Northern Ireland property prices fall 'the worst in the UK'
Northern Ireland house prices have fallen sharply by almost a tenth over the past year — the greatest drop in the UK.
And Belfast has also been ranked as the worst performing city in the UK, with prices down by 14% in the past 12 months.
The Nationwide House Price Index paints a stark picture of the difficulties facing the market.
According to its figures, the average property price in Northern Ireland now stands at £107,719.
That figure signals a 9.3% downturn since this time last year — and a 2.3% drop in the last three months — the fifth quarterly drop in succession.
Nationwide said the biggest fall was recorded in Belfast which has seen the price fall by 14% when looking at figures for this time last year.
Belfast tops the table as the worst performing city in the UK — followed by Manchester, down 11%, Bradford, down 9%, York, down 6% and Carlisle, down 5%.
The city is still the most expensive place in Northern Ireland to buy a house with the average price standing at £148,420.
Nationwide says the cheapest homes are to be found in counties Tyrone and Fermanagh with an average price of £105,719 — also down by 10% over the quarter.
Homes in counties Antrim and Londonderry have dropped by 11% (quarterly figure) to £118,955 on average, and in Co Down falling by 9% (to £132,226).
Robert Gardner, Nationwide’s chief economist, said prices have now plummeted by 53% since the property market peak in 2007.
But affordability levels are now good. Mr Gardner added: “Northern Ireland is now the most affordable place in the UK on a house price to earnings ratio basis, at 2.9, when it used to be the least affordable, with prices more than nine times earnings at the peak.”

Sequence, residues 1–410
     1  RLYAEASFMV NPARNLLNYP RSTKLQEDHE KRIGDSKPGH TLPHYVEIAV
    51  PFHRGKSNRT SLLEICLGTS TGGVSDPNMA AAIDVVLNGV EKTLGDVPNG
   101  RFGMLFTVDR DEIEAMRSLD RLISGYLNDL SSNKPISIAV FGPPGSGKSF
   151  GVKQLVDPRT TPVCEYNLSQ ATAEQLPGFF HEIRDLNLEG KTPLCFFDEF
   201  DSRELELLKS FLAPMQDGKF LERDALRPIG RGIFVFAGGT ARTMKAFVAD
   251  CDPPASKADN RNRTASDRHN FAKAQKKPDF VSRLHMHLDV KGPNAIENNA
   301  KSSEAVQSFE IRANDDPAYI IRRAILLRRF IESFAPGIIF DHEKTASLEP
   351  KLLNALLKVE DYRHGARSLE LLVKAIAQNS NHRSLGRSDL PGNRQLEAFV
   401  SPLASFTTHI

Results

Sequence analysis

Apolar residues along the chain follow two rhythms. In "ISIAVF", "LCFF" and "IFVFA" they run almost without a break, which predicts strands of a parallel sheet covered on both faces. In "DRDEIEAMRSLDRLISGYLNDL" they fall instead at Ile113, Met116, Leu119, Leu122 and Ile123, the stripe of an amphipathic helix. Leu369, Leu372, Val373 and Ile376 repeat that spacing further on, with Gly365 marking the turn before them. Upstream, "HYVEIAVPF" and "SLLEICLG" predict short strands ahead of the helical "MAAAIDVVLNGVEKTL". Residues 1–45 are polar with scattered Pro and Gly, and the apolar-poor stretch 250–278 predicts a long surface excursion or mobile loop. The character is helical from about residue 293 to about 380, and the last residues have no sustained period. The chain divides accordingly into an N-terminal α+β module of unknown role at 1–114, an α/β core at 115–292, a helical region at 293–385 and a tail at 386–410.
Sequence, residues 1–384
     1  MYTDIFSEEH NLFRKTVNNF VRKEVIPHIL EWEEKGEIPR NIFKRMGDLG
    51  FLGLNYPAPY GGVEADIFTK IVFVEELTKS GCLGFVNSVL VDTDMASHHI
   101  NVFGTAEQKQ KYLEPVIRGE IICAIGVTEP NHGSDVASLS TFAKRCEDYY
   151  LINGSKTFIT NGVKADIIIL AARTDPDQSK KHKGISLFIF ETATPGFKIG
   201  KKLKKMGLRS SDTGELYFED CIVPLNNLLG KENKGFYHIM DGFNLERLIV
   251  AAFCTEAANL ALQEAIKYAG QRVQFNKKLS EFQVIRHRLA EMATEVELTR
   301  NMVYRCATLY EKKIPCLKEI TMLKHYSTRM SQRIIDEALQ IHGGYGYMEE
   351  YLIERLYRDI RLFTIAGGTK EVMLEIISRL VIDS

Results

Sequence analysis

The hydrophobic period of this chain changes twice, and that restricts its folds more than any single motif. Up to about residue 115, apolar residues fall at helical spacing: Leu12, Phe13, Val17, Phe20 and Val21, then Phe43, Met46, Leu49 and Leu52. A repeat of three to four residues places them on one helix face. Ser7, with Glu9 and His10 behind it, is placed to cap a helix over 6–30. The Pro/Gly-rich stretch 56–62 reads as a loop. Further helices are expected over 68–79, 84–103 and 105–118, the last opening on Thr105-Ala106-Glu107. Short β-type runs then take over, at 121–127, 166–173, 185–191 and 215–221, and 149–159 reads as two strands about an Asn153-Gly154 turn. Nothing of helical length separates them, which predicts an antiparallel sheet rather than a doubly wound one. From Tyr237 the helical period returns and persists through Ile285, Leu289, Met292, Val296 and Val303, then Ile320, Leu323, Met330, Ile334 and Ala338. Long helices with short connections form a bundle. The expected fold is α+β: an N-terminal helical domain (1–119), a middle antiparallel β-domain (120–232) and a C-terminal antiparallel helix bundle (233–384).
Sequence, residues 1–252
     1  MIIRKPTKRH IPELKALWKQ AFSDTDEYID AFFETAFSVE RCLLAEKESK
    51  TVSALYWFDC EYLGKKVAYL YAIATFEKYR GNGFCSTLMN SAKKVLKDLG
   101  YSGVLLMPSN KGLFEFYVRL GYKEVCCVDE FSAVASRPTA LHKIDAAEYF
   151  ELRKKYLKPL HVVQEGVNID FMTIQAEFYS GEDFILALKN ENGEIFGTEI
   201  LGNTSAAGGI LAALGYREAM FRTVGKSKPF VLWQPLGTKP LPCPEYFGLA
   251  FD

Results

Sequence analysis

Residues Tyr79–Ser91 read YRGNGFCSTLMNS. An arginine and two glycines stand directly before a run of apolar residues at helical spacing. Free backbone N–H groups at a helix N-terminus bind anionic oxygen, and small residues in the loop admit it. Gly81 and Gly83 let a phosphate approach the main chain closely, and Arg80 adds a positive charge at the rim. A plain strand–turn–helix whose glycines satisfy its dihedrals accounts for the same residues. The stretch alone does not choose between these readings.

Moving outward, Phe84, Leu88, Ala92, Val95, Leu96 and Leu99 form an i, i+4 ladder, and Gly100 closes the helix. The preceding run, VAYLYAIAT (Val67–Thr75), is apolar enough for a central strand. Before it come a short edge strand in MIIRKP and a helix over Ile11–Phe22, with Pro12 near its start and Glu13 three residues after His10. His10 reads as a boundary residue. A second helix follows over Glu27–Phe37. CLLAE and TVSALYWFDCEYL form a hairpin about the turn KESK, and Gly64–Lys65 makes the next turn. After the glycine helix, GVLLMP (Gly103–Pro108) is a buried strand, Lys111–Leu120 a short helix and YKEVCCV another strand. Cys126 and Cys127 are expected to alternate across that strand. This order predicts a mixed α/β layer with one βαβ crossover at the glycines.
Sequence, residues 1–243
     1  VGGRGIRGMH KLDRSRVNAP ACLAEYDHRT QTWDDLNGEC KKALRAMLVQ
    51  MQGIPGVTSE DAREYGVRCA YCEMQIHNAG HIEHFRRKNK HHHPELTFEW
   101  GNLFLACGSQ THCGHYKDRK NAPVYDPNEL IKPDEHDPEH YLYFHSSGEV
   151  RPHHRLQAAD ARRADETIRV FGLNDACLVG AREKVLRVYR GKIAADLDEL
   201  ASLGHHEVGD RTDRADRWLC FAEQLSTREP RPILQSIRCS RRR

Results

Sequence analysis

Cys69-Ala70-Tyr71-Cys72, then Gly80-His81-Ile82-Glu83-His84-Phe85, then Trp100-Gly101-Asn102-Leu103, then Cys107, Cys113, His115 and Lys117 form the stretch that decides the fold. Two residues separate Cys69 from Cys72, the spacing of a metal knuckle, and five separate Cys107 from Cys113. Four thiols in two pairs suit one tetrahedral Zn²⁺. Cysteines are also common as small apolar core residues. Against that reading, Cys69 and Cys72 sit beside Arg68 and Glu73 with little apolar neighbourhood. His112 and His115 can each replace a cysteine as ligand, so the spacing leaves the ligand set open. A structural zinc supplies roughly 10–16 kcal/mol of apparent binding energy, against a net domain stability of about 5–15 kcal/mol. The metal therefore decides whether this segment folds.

Keith Mitchell of Belfast estate agent Templeton Robinson said: “It is well documented and reported that houses prices increased 50% plus in the boom and fell by the same amount from the middle of 2007 to the Autumn global credit crisis of 2008. The reality is that it has taken the past five years for some people and lenders to accept this. The delay in doing so is prolonging our agony in moving on, with many financial institutions drip-feeding assets off their balance sheets over a long, slow period.”
He added, however that house sales overall are improving with buyers responding positively to increased affordability.
“Interestingly, market appetite is strong with over 600 offers taken on realistically-priced property on our books from May to August and another 5,594 viewings during the same period,” said Mr Mitchell.
He also claimed the combination of rising rents and a housing supply unable to meet demand, with renting in some cases more expensive than buying, was encouraging more people to consider home ownership.
Northern Ireland average — £107,719
Annual change — down 9.3%
Quarterly change — down 2.3%
Worst performing cities (over a year): 1. Belfast (down 14% to £148,420)
2. Manchester (11% to £174,577)
3. Bradford (9% to £146,726)
4. York (6% to £209,364)
5. Carlisle (5% to £136,941)